Tuesday, October 20, 2009

Brave New Mall World

Never going to a mall has its down side. It can feel like an alien landscape when one re-enters after a long absence. Jean and I walked there last Saturday since it was too rainy to do our usual outdoor walk.

At times it feels like playing human pinball. People are side-by-side barely moving, and we come dodging and darting through hoping to sustain a certain heart and respiration rate for an hour or so. Three laps on each level usually does it. By then we are more than ready to leave.

Subtract the stuff made in China and the entire mall would implode. Just like LA without the cars and all the roads they require. Take them away, and the metropolis would fit in 1/10 the space.
As if mall stores didn't have enough stuff, there are concourse kiosks to further entice us--half of them trying to sell us new phones and blackberry-type devices.
And all over the place there are younger humans who are perhaps the early prototypes of the bionic hybrids we are sure to become in less than two decades. Some boys, but mostly girls. They walk, zombie like, led around by rectangular electronics held before them, usually in their right hands, like some kind of modern day divining rods. Their right thumbs flail like the wings of a hummingbird. They are texting. Some send and receive as many as 400 a day. They do this indoors, outdoors, at school, shopping, at the movies, probably even while swimming or playing tennis--if any still do that.
A new medical condition may be arising before our eyes: carpal thumb syndrome.
What do the constant texters not see of the world when the horizon has foreshortened to the length of their forearms, extends no further than their fingertips for so much of the day?
When attention span and thought are spread so broadly in bleeps shorter than a Twitter tweet, are brains learning to focus deeply on anything?
Is deep, reflective thought even possible for a new generation of humans? I'm not sure if humans who haven't developed along the way the ability for critical and deep thought, for ability to focus, will suddenly be able to pick it up later in life. I'm not sure we'll be humans, at least the kind of humans that have brought us to this level of development, without the thought processes that have been our nature for millennia. Based on what we now know about the development of the brain, I'd say the odds are strongly against it.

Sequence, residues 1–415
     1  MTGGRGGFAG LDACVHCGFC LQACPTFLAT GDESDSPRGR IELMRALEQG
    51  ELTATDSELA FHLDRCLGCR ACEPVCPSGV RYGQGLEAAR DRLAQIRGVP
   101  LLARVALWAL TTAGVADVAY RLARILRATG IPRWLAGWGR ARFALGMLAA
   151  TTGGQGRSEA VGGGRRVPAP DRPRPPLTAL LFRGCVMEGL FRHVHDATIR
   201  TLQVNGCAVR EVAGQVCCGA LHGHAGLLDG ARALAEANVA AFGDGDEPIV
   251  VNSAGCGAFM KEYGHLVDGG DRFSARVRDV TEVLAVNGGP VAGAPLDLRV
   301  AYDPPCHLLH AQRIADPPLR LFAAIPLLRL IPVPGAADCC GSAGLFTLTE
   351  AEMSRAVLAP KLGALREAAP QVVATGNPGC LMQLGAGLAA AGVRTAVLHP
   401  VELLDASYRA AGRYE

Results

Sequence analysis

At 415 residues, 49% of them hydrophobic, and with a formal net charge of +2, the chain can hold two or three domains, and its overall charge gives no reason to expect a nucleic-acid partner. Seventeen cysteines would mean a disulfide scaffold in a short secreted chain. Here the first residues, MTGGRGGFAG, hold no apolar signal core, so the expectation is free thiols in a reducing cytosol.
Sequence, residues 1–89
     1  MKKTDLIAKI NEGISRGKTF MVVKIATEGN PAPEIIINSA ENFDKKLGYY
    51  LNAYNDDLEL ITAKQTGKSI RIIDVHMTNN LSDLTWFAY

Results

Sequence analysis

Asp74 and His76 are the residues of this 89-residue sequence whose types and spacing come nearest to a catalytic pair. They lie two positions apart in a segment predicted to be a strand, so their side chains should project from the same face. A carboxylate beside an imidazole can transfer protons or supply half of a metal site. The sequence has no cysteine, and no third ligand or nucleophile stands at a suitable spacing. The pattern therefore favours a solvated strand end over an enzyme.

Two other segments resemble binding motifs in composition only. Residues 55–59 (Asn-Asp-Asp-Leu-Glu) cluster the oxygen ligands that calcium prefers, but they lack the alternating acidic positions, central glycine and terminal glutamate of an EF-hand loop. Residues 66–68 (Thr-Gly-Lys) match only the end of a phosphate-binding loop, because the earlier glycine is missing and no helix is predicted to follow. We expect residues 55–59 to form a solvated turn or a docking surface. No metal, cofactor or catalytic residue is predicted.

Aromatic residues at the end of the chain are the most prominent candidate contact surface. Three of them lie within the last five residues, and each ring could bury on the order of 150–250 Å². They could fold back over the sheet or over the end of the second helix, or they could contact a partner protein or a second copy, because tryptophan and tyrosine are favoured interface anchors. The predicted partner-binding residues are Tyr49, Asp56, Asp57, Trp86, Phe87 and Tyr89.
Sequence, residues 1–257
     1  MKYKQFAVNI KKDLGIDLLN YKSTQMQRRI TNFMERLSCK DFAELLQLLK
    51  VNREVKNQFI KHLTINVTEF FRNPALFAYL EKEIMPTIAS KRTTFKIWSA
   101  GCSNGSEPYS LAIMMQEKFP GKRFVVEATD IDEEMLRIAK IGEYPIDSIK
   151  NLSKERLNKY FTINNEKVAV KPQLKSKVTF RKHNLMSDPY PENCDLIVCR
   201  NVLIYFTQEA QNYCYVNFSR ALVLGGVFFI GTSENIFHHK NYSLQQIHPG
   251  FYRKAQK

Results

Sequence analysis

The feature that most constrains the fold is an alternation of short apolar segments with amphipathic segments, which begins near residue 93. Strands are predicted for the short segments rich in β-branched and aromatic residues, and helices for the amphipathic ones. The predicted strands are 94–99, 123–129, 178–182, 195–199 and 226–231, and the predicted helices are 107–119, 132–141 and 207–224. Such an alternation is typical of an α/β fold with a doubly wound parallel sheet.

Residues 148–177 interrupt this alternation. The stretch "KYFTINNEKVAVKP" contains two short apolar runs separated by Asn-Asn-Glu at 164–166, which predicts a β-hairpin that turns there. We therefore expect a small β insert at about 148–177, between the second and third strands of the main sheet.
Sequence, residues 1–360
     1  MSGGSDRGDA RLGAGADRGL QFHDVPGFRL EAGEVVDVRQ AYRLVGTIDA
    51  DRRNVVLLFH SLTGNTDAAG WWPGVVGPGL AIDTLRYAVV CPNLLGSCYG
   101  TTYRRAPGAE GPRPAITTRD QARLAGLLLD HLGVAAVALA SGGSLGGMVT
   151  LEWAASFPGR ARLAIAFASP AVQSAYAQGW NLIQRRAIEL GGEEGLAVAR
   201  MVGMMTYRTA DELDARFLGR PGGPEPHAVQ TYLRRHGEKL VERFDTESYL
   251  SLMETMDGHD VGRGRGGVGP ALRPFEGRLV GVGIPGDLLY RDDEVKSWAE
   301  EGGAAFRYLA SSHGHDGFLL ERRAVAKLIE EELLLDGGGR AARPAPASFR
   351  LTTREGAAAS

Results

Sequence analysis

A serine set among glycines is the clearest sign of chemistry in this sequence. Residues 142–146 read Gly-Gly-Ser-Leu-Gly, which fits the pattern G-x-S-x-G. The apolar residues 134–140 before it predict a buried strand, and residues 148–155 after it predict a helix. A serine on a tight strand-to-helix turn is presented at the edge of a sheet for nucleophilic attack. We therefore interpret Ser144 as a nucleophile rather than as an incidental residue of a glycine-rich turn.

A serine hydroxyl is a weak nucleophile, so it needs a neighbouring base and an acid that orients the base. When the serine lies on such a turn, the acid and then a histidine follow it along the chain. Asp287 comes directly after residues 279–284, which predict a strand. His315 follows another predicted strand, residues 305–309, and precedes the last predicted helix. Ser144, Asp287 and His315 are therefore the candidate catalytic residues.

And how will that generation of humans raise and socialize their own young? We really have no earthly idea, do we? Not to worry, though. There's an ap for that.
This probably sounds very judgmental from an old guy who can't keep up. Maybe I'm wrong. I dearly hope I am. Reports from veteran teachers in primary schools tend to back me up, though. Again and again they report a shift in the kids they've seen over the past 25 years. But the real wave hasn't hit yet. Give it a decade or so.
Is electromultitasking a wondrous gift or an impediment to staying focused on anything? Do artists paint better while multi-tasking? Has anyone ever truly mastered the piano or the cello by multi-tasking as they do it?
Maybe we will be like the store: Forever 21. Maybe 21 is the new 13 in our brave new mall world of the mind.
But we can still buy shiny crosses, now barely distinguishable from the NY of the Yankees, the Mercedes-Benz star, the ankh symbol from ancient Egypt, or the Superman "S". All made in China. Unlike most of the people in the mall, I still remember when we made things here. Which makes me old and obsolete. Mall world culture has no need for elders (not synonymous with "the elderly") because culture is now electronically driven by the least experienced humans and their devices, not wisdom driven by those with the most experience and context under their belts. If you've ever felt like a river barge being pushed by a tiny tug that hasn't been where you are, it may not be a coincidence.
Brave new mall world unfolding before our eyes.

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